Disease overview: The eosinophilias encompass a broad range of nonhematologic (secondary or reactive) and hematologic (primary or clonal) disorders with potential for end-organ damage.
Diagnosis: Hypereosinophilia (HE) has generally been defined as a peripheral blood eosinophil count greater than 1.5 × 109 /L. After exclusion of secondary causes of eosinophilia, diagnostic evaluation of primary eosinophilias relies on morphologic review of the blood and marrow, standard cytogenetics, fluorescence in situ hybridization, next generation sequencing gene assays, and flow immunophenotyping to detect histopathologic or clonal evidence for an acute or chronic hematolymphoid neoplasm.
Risk stratification: Disease prognosis relies on identifying the subtype of eosinophilia. After evaluation of secondary causes of eosinophilia, the 2016 World Health Organization endorses a semi-molecular classification scheme of disease subtypes. This includes the major category "myeloid/lymphoid neoplasms with eosinophilia and rearrangement of PDGFRA, PDGFRB, or FGFR1 or with PCM1-JAK2", and the myeloproliferative neoplasm subtype, "chronic eosinophilic leukemia, not otherwise specified" (CEL, NOS). Lymphocyte-variant HE is an aberrant T-cell clone-driven reactive eosinophila, and idiopathic hypereosinophilic syndrome (HES) is a diagnosis of exclusion.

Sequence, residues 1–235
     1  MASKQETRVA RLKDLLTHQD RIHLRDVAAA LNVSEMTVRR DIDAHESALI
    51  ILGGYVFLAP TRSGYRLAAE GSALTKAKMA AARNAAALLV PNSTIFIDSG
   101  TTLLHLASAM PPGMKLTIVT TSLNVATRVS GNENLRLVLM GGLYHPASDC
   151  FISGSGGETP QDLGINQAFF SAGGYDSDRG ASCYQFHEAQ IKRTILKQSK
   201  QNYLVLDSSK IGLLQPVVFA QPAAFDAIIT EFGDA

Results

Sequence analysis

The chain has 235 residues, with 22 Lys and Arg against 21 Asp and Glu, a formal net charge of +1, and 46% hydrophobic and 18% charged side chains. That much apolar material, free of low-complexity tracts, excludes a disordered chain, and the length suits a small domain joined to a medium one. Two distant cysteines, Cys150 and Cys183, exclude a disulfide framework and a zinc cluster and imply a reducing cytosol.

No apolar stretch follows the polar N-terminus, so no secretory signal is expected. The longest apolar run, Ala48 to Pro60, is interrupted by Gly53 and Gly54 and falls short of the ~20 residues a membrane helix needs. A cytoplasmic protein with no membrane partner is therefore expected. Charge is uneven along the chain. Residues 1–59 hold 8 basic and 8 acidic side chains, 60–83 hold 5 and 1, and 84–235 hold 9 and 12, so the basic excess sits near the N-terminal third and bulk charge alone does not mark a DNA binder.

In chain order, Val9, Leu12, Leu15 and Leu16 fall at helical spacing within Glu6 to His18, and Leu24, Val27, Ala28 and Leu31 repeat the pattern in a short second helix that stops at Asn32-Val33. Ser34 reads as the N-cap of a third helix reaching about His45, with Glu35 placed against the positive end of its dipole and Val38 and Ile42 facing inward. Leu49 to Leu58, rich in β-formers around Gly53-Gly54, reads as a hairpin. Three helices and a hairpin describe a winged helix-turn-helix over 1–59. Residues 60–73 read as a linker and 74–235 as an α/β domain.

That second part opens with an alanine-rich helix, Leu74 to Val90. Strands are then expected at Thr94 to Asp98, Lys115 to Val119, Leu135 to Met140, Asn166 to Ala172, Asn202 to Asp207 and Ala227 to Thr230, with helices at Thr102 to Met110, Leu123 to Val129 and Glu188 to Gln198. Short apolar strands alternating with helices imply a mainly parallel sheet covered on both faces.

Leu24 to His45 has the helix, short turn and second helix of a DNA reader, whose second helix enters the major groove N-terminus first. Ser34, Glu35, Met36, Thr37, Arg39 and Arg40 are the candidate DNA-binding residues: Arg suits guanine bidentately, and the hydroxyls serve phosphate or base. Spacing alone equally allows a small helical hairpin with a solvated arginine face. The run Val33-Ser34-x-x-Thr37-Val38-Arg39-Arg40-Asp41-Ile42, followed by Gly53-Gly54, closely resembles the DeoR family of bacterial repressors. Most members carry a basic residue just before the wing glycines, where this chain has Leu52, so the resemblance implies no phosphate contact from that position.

Risk-adapted therapy: The goal of therapy is to mitigate eosinophil-mediated organ damage. For patients with milder forms of eosinophilia (eg, < 1.5 × 109 /L) without symptoms or signs of organ involvement, a watch and wait approach with close follow-up may be undertaken. Identification of rearranged PDGFRA or PDGFRB is critical because of the exquisite responsiveness of these diseases to imatinib. Corticosteroids are first-line therapy for patients with lymphocyte-variant HE and HES. Hydroxyurea and interferon-α have demonstrated efficacy as initial treatment and in steroid-refractory cases of HES. Mepolizumab, an interleukin-5 (IL-5) antagonist monoclonal antibody, was recently approved by the US Food and Drug Administration for patients with idiopathic HES. The use of the IL-5 receptor antibody benralizumab, as well as other targeted therapies such as JAK2 and FGFR1 inhibitors, is under active investigation.
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